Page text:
Modern-day silent films at the Toronto Silent Film Festival
When Shirley Hughes launched the Toronto Silent Film Festival in 2009, she never thought that a modern-day silent film like The Artist could claim the Best Picture Oscar, sparking a revival of interest in early cinema.
Closing tonight, the festival has long placed importance on connecting the past to the present. The opening night film, Our Dancing Daughters (1928), starring a young Joan Crawford, draws many parallels to the Oscar-winning film. “It’s a great example of a jazz age film,” said Ms. Hughes, claiming that Crawford greatly influenced Bérénice Bejo’s portrayal of Peppy Miller in the award-winning film.
But The Artist, about the downfall of a silent actor at the on-set of the talkie era, would have you believe that silent film production ceased entirely after 1928. “The medium lived on,” said Ms. Hughes. One of the films shown, F.W. Murnau’s Tabu, was made in 1931. “Chaplin released Modern Times in 1936. Some of Jacques Tati’s films, even the opening sequences in Pixar films like Wall-E and Up, are practically silent. It never really went away.”
Past meets present
A selection of minute-long films featured last fall during the Toronto Urban Film Festival will precede Our Dancing Daughters. Originally presented on screens hanging above TTC subway platforms, the modern-day shorts will be shown in a proper theatrical setting, with musical accompaniment.
David Schmidt, a Toronto-based filmmaker whose short, Don’t Let The Bedbugs Bite, draws on his own nightmarish experience of living in a bedbug-ridden Toronto apartment, said it’s pretty exciting to see his film in a theatre alongside the silent masters. “On the TTC, you’re not as focused on the films because you have your destination in mind,” he said. Although he doesn’t work exclusively with silence, he loves the medium’s ability to focus solely on the story. “All you have are the images. The story is at the forefront.”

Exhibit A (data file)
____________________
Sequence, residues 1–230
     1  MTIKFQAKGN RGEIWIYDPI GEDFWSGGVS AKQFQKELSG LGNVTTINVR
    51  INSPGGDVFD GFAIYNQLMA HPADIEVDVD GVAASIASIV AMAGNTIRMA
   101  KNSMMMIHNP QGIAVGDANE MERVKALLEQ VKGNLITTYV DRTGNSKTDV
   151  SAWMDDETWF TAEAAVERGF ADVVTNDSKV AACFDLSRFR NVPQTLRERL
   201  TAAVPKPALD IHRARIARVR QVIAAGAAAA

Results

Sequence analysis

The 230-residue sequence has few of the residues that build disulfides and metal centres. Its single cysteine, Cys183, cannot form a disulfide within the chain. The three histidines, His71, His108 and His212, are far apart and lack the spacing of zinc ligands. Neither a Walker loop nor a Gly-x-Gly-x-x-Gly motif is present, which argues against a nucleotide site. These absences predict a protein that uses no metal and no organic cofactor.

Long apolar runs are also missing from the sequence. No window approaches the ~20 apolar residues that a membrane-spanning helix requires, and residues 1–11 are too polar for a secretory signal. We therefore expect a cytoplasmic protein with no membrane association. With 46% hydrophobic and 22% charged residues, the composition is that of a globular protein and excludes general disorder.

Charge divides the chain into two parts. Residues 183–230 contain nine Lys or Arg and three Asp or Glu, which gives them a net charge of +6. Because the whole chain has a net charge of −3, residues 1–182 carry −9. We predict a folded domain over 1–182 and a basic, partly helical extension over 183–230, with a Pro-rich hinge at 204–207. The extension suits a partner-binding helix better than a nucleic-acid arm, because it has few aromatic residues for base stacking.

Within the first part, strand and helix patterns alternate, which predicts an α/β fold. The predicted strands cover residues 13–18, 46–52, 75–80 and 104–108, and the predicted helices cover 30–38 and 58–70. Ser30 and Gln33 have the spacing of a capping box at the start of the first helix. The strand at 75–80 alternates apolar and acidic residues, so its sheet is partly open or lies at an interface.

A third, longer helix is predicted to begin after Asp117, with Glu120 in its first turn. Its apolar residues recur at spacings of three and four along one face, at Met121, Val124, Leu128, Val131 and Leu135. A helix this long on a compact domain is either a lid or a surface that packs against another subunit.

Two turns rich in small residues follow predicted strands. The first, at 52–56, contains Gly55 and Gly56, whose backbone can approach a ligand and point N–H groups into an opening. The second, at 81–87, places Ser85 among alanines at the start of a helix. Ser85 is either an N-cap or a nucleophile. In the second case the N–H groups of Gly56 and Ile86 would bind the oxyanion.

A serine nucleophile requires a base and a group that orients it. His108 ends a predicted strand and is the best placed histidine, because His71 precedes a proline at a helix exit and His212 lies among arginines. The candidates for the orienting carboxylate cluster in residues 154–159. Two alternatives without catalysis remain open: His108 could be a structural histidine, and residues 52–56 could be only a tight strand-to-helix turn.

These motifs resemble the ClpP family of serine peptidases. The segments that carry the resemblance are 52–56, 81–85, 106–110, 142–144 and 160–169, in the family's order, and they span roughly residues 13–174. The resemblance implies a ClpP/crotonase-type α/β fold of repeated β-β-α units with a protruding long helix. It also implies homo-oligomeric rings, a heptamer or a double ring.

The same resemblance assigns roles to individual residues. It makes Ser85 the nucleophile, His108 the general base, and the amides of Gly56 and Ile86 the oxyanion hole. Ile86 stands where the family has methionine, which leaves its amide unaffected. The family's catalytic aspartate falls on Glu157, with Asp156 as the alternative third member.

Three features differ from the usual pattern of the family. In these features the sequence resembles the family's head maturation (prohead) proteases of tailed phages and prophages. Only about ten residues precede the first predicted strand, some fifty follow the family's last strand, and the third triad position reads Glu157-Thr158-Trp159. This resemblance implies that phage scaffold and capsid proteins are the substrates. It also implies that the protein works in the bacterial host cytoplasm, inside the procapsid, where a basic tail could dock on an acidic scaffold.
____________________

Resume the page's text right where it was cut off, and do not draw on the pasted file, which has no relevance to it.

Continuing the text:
Eva Colmers, the Edmonton-based director of The Traveler, said she “really honours those great masters who were able to get such reactions out of audiences.” Since her silent shorts rely solely on visuals, they have appeared in festivals from Colombo to Copenhagen. “It’s a universal language, without borders,” added Ms. Colmers, inferring one of the reasons why Charlie Chaplin, not wanting to alienate his audiences in non-English speaking countries, kept making silent films throughout the 1930s.
The closing night film, Varieté (1925), starring Emil Jannings, will be preceded by The Force that Through the Green Fire Fuels the Flower (2011), by Otto Kylmälä. Ms. Hughes hailed the Finnish-born director’s film about love and loss as a “touching, extremely personal story done in a very artistic way,” which eschews the inter-titles long associated with silent film, instead weaving them into the film’s environment.
Silent films have always been in Mr. Kylmälä’s blood stream. “They were my first nanny. My grandmother used to put on countless VHS tapes of Chaplin and Keaton to keep me occupied.” His filmmaking endeavours were later influenced by seeing live presentations of King Vidor’s The Crowd (1928) and Murnau’s The Last Laugh (1924).
Films like any other
Ms Hughes says the festival’s modern-day shorts all contribute to the medium’s lexicon without resorting to homage or parody of their earlier counterparts: whether live action or animated, there are no pie-fights or prat-falls.
In his film, Mr. Kylmälä steered clear of homage. “My agenda was at its core to make a film like any other, which just happened to be in silent form.” He wants to raise awareness for the era, but not by “skipping all of the wonderful decades of film history in between.”
Like Ms. Colmer and Mr. Schmidt, who has enjoyed the early, pioneering films of the Lumiere Bros, Mr. Kylmälä hopes that the revitalized interest inspires people to see that films by Chaplin, Vidor and Murnau are still very relevant today: “Hopefully that excitement will generate new innovative uses for visual language.”
This article was originally published in the Globe & Mail on March 24, 2012. It appears here in a slightly edited form.